Truth be told, nothing has really changed, if we barely scratch the surface, we find the same attitudes still prevail. Growing food in public view is a two century old unspoken cultural taboo that is still in full force today. The true reasons lie much deeper. Buried deep within the western world’s psyche is the notion that food growing is what poor people do, a notion which is inherently repulsive because it bring up a society’s collective memories of the peasantry of past, and perhaps an uneasy feeling that the modern ‘worker’ is not really that different. How far reaching and entrenched are these attitudes? Ever tried growing food in public spaces? The reaction from ‘authorities’ is less than supportive, often quite hostile, hence the phenomenon of guerrilla gardening! Who would have ever thought that growing edible plants in public space would need to become a covert operation?

Perpetuating the status quo

If there is such a growing public interest in food security, food sovereignty, healthy eating, and even a whole ‘food movement’, why aren’t attitudes in government changing to reflect the wishes of the people? What’s propping up the status quo? Let us follow our trail of breadcrumbs for clues as to who or what is keeping edible plants and trees out of public spaces – where do they lead? Who determines what gets planted in public spaces? Local governments do. More precisely, landscape architects working for local governments. Bingo, we’ve found the culprits, sitting behind their computer screens playing with their design software, with smoking guns in hand!

So what exactly is a landscape architect? Are they horticulturists or arborists? No, their skill is not with plants and trees. Are they agriculturists? No, their skill is not in growing food. Are they artists? No, but many fancy themselves as such. In realty they’re probably something akin to an urban planner with misplaced artistic aspirations and very little to no plant design skills. Sure, some have additional training in soft landscaping and understand plants, but they’re exceptions to the norm.

The term ‘landscape architecture’ was coined in 1828, but the discipline became more prominent in the 20th century. By definition, landscape architecture is the professional skill of composing man-made structures, including buildings and paving, with the natural landscape and with designs for landform, water and planting. What work do they do? They are tasked with making urban spaces more functional and aesthetically pleasing.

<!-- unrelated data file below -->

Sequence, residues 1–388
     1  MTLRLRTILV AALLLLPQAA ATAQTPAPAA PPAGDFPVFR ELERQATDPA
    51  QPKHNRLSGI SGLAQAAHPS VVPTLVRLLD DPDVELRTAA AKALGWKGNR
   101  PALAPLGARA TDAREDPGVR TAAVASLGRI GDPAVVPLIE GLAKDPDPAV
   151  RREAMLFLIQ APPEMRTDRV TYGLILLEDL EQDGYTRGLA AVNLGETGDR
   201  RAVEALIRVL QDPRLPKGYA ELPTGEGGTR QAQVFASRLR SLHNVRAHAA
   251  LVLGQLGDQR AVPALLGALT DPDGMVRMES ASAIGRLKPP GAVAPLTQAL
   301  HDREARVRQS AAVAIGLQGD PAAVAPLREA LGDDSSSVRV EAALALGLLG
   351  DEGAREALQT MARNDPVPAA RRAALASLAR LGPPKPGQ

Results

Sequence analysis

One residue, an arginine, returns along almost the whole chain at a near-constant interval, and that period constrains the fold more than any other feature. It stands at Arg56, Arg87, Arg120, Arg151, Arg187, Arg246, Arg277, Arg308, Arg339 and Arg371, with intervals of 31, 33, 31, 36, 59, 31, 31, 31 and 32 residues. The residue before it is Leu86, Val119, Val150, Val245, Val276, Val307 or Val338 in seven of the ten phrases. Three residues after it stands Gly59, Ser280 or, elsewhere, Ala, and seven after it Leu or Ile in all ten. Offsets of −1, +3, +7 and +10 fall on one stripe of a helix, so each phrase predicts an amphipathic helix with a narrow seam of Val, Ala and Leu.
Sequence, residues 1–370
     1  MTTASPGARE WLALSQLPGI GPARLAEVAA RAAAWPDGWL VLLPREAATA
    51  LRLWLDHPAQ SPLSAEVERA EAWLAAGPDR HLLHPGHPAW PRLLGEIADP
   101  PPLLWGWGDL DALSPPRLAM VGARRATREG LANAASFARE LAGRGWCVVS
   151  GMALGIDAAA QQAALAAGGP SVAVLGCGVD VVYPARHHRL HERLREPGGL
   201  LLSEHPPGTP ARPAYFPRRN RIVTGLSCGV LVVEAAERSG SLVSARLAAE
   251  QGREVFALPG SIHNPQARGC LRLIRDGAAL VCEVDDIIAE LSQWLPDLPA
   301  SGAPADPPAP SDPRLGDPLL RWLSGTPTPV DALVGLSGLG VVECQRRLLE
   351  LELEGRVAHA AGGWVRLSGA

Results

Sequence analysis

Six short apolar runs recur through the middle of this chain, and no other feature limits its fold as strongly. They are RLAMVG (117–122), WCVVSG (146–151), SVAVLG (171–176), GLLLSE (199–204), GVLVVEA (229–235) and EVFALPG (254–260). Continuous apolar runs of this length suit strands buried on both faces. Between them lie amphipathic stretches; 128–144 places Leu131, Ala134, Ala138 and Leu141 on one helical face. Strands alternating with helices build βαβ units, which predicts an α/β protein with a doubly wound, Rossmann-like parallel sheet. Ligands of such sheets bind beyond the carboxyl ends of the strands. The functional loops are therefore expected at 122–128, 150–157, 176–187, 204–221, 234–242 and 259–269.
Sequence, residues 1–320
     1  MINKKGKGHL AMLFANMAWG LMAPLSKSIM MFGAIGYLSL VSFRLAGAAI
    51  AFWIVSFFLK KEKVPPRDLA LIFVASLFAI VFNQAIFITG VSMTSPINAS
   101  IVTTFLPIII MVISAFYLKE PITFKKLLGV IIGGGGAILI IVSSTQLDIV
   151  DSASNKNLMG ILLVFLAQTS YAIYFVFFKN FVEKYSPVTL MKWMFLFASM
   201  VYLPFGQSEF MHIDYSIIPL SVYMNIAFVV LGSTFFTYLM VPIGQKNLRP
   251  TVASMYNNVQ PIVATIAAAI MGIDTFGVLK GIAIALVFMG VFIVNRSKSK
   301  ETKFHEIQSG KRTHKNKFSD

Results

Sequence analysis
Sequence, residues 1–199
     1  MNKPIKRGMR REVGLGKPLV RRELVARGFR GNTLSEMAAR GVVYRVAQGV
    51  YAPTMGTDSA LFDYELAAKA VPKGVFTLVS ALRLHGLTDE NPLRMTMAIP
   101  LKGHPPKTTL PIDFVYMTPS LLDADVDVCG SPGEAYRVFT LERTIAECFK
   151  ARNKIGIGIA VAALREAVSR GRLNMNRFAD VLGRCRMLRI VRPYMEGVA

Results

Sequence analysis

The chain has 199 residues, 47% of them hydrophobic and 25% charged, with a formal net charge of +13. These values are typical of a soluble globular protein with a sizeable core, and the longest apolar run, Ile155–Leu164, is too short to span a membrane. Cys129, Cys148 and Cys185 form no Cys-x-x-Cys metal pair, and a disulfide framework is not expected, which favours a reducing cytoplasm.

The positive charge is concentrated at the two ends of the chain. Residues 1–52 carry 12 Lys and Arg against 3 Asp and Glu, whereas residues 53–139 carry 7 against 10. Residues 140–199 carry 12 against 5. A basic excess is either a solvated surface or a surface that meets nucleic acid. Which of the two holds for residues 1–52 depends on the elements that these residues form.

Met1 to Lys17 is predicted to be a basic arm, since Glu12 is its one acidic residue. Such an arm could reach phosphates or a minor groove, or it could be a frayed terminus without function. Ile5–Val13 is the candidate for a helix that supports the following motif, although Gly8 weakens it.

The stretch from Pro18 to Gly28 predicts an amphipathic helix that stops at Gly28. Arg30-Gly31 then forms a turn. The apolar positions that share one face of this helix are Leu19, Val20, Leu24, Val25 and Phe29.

So why in the world don’t they use edible trees? I had the same question myself so I did the most obvious thing – I approached a cross-section of their profession and asked them!

Their answers truly surprised me. In short, the reasons why landscape architects don’t use edible plants and trees in public spaces is because they have not done so in the past, they lack the skill because they’re not taught about edible landscapes in school (in fact they are taught very little about plants!), they’re actively discouraged from exploring edible landscapes by their teachers as they see fallen fruit as a public liability problem, and they simply don’t have time at work to learn how to do it because they’re very busy.

I can already hear the howls of protest in the distance, so I’ll share the details of my findings to satisfy any doubts.

Unreasonable reasons

Even though landscape architects use trees in their design, they are taught almost nothing about trees. Typically the ‘trees’ they interact with are nothing more than round shapes on their computers that they drag and position on a grid in their CAD programs. The focus is purely ‘high-level conceptual’. Students are actually dissuaded from getting ‘caught up in the horticulture’ – as one degree qualified horticulturist studying postgraduate landscape architecture who I worked with found out. Perhaps that’s reasonable, they’re heavily invested in hard landscaping, as they’re tasked with designing areas with playground equipment, fountains, paths, seating, barbecues, shelters and more, it’s very broad, so there isn’t much scope to learn a lot about soft landscaping which is all about designing with trees and plants, which is a whole profession in itself. Here in Australia landscape architects only study a single short unit on plants and trees at a general conceptual level, yet all graduates are expected to design with trees and plants in the workplace. That is problematic. In what other profession would that ever be allowed happen?

I also found out that landscape architects often work to tight deadlines, so they don’t have time to get creative and research new and different tree species, let alone edibles. It’s easier and more expedient to just use the ‘tried and trusted’ ornamental species that their predecessors have always used as they try to clear the pile of jobs from their in-trays. This is also probably explains why most public space plantings tend to look so uninspiring, clichéd and repetitive.